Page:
“The road is full of potholes, unless you want me to drive off the side I suggest you shut up!” was the gruff response from the driver. I purse my lips to muffle my laugh, but when I see the guards scowl I cannot help but burst out in a fit of giggles.
I might as well make fun of this experience. I reckon it is the last fun I will have for a lifetime.
I don’t know how long we’ve been driving along the roads for, but we’re still on our way. This Compound must be a long way out from Erudite. The government must have placed it so far out deliberately so no one knew about it—until I’d been told I was going there, I hadn’t heard of it.
“What happens in the Compound?” I ask, generally curious. I’m trying to create a set of images in my mind, join the dots to what my life will be like. Is the place like a prison? It looks like one. I know that there is a chance I will be kept in the ‘closed vicinity’—Oscar said I was dangerous.
There is one thing I know, however, and that is I don’t want to go to the Compound.
I want my mother holding me tight in her arms and comforting me, cooing that everything will be alright in my ear. I want my bedroom, my bed to sleep in until the end of time. I want to be surrounded by my books.
I want to wake up and know that this is all just a dream. But in dreams you have extra fingers, and I have the right amount of fingers. And when I pinch the skin of my wrist it hurts.
I am awake, but I’m living a nightmare.
I don’t show my internal feelings, however—I don’t show that I’m scared, I don’t show that my arm is causing me pain—because it will do me no good to do so. The guard will not give me sympathy. The people at the Compound will give me no sympathy. The rest of my life will be void of sympathy, and because of that I must not look like I need pity.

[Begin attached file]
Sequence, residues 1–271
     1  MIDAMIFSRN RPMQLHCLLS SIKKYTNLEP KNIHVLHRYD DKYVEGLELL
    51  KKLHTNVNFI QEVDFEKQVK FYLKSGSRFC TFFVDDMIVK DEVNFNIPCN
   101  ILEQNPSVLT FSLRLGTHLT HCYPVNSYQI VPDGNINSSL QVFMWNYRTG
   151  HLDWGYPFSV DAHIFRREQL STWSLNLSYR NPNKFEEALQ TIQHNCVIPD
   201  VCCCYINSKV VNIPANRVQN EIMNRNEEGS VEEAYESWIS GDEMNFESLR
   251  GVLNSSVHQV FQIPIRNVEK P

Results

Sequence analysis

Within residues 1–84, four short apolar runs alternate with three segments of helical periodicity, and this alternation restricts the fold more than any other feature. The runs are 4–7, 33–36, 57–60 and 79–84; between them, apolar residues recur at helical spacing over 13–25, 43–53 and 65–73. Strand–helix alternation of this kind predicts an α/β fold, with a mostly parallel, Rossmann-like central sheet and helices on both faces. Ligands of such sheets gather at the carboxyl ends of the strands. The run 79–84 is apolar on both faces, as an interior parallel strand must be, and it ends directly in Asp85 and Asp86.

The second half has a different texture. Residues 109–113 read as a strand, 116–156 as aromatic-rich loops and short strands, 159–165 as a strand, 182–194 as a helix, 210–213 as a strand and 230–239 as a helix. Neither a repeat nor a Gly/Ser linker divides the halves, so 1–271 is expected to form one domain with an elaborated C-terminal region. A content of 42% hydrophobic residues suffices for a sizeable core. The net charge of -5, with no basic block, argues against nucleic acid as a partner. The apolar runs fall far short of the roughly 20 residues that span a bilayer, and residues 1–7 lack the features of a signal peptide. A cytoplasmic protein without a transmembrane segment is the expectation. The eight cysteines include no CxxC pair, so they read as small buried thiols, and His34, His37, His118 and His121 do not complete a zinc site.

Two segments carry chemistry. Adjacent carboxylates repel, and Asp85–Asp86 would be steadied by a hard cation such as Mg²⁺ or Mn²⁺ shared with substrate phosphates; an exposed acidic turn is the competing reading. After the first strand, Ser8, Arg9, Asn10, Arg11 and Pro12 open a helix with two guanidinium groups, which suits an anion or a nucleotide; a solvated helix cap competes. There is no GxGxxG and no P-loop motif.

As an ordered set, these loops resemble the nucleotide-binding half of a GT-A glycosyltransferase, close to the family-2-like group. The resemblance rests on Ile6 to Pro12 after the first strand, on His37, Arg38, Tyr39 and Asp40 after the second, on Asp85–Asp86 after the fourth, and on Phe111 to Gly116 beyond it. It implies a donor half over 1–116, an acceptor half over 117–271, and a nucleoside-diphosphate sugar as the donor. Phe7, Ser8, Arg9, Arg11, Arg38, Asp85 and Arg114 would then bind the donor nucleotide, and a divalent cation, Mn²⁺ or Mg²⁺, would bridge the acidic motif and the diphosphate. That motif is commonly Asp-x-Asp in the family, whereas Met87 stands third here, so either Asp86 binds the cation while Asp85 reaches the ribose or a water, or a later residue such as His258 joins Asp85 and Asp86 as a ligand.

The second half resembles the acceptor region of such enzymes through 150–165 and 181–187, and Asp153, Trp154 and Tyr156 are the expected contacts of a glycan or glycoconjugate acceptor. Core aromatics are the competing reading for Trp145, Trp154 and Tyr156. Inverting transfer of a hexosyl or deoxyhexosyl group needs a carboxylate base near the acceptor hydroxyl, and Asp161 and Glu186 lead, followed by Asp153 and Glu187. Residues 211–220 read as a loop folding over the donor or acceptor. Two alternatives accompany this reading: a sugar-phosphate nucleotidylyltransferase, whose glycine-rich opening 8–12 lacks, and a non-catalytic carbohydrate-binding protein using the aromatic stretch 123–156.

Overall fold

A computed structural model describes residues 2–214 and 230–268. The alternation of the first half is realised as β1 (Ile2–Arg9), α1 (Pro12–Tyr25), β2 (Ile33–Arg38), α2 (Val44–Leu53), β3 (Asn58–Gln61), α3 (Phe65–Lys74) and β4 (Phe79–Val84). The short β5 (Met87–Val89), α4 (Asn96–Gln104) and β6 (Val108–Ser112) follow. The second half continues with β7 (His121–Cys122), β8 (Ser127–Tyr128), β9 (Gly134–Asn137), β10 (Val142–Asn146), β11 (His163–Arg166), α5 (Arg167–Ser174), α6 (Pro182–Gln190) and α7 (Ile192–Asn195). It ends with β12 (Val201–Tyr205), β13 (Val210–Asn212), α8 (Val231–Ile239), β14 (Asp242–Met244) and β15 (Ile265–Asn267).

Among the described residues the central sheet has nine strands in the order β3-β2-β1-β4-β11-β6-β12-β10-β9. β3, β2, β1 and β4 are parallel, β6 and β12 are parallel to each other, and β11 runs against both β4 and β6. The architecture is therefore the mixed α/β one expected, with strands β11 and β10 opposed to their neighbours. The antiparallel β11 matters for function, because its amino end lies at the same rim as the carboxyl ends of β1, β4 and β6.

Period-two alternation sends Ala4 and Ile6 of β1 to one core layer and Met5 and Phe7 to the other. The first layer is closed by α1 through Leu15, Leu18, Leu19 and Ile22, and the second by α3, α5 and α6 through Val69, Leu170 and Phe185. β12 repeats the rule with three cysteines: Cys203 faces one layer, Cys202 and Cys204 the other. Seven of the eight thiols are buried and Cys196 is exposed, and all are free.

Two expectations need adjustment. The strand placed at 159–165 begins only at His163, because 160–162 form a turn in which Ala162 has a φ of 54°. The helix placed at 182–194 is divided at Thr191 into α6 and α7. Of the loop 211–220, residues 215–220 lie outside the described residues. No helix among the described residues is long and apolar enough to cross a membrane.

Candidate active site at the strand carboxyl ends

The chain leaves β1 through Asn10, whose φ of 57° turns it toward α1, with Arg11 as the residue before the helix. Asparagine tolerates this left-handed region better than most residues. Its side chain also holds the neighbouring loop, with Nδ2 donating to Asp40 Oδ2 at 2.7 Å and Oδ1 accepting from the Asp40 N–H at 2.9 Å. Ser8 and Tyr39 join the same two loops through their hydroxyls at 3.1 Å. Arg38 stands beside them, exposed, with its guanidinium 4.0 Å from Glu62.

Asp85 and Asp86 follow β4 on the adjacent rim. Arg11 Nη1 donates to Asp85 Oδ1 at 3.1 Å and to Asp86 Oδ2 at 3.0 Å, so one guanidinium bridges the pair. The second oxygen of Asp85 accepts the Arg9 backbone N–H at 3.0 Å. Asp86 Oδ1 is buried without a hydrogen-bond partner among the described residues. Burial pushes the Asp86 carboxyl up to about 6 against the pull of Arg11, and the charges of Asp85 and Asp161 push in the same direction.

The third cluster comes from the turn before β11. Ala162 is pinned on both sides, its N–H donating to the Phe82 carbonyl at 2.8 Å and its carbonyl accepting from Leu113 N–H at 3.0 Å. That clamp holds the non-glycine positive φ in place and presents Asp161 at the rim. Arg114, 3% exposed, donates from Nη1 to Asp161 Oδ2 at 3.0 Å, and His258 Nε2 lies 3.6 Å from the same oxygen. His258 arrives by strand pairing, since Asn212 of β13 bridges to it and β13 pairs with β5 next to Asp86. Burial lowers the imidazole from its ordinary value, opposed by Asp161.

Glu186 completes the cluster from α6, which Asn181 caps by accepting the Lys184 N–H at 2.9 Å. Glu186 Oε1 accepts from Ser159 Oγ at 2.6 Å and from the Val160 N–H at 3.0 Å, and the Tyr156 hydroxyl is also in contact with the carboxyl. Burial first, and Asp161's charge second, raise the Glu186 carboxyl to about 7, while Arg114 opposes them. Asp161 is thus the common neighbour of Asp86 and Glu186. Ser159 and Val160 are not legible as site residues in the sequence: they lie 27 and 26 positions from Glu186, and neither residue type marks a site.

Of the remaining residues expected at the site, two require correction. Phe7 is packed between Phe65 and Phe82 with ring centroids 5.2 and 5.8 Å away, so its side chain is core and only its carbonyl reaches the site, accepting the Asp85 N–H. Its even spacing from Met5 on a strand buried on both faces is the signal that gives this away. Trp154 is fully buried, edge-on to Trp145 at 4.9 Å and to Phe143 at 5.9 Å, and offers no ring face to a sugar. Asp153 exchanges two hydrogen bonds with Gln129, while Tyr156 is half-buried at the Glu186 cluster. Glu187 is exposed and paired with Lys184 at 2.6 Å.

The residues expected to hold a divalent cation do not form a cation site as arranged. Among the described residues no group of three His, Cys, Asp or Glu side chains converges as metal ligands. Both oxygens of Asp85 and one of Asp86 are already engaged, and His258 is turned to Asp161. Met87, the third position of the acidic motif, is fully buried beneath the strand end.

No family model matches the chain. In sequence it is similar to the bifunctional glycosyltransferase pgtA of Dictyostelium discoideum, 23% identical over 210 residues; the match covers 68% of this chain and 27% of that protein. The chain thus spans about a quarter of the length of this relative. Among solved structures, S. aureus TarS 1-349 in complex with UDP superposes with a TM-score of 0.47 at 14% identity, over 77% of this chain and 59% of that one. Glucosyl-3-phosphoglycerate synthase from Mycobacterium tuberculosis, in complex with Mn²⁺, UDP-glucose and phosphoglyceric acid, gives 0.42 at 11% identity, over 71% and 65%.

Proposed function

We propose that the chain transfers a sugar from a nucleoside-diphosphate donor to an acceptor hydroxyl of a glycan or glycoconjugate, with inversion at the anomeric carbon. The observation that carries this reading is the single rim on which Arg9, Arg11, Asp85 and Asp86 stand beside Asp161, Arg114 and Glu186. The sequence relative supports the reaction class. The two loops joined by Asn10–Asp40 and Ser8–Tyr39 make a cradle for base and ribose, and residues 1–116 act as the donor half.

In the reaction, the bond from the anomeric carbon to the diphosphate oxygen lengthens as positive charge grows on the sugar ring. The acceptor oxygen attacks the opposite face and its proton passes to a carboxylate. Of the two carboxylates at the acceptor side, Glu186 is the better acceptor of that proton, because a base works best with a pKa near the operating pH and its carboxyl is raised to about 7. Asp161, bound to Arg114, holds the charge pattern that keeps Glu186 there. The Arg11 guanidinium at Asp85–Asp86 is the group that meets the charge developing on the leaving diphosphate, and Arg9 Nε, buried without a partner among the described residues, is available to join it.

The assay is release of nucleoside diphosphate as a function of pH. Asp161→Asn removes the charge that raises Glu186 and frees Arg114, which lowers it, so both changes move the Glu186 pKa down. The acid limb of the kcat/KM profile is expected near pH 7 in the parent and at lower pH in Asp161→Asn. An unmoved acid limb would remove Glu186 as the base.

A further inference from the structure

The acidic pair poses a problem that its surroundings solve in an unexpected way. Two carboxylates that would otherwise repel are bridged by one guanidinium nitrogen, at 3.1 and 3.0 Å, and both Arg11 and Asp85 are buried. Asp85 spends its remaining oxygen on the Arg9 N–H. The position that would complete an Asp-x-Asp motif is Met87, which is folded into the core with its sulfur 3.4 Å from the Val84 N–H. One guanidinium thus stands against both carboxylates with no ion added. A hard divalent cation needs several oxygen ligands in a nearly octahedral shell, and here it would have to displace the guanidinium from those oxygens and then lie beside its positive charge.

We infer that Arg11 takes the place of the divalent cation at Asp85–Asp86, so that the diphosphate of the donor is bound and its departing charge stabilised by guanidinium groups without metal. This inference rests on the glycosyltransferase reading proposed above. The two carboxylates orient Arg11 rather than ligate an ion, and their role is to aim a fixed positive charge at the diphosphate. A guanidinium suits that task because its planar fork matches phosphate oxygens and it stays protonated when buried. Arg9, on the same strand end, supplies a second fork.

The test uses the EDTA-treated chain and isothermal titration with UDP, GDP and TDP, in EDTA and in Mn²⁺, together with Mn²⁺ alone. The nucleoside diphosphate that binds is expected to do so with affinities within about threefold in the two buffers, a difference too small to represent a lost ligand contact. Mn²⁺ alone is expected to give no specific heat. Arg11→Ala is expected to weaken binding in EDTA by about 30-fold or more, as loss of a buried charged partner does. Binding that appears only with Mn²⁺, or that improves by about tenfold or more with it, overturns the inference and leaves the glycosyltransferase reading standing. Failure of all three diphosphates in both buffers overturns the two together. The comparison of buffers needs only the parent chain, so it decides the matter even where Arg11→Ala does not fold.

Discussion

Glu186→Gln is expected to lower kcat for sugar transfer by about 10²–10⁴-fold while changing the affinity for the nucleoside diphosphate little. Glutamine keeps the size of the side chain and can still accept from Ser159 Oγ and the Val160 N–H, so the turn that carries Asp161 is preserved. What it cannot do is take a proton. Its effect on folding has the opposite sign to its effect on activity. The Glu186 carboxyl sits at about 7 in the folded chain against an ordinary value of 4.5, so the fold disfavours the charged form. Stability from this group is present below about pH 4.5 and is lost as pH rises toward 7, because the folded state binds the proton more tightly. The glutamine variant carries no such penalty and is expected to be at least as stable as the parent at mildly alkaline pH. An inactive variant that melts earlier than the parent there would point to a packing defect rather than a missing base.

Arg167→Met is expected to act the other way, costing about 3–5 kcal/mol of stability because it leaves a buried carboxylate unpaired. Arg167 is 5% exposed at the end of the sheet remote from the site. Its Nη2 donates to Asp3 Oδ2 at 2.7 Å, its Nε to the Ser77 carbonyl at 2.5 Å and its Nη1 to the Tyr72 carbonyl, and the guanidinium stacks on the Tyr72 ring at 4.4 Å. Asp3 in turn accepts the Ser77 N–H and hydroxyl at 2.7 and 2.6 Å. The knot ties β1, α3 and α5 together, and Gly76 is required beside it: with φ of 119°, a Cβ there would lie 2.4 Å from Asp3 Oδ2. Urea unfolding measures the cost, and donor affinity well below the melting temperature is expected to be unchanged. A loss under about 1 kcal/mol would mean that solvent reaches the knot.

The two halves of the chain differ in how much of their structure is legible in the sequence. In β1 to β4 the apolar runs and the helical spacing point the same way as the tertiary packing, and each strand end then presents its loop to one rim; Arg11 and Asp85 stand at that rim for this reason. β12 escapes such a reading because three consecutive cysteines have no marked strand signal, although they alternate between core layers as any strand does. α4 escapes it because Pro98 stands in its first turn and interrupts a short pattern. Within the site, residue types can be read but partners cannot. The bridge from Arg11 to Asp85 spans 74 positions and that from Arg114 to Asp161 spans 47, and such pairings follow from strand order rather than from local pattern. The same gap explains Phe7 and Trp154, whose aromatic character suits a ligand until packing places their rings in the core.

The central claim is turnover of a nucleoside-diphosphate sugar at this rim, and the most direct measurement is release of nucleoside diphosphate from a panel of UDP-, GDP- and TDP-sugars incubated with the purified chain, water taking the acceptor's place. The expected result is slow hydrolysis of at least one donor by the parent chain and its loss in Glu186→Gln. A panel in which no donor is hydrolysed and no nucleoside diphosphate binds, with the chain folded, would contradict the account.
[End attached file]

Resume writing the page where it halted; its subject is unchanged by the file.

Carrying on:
We must be close to the Compound by now, it seems like we’ve been travelling for hours. It’s starting to get hot in the back now, even though it is night, because there is no air-con and the window does not open. I am hot and bothered, my T-shirt sticking to my back uncomfortably, and my throat is drying up. I haven’t had a drink in over five hours, but there’s no point asking for one.
I glance over at the guard, who isn’t looking at me. It would be so easy to make one quick motion, a blow to his stomach and then bring handcuffed hands down on the back of his head to render him unconscious, or wrap the chain around his neck and squeeze until he’s dead . . . but there’s no point, he doesn’t have the keys, and I’m not a killer.
It’s not that I’m a pacifist, far from it—I used to get into all sorts of fights in the school playground, and they weren’t pulling-hair cat-fights in the least—and if I needed to I could probably kill someone; it’s just I don’t want to and I wouldn’t be able to live with myself. I will never injury someone unless they have provoked me first.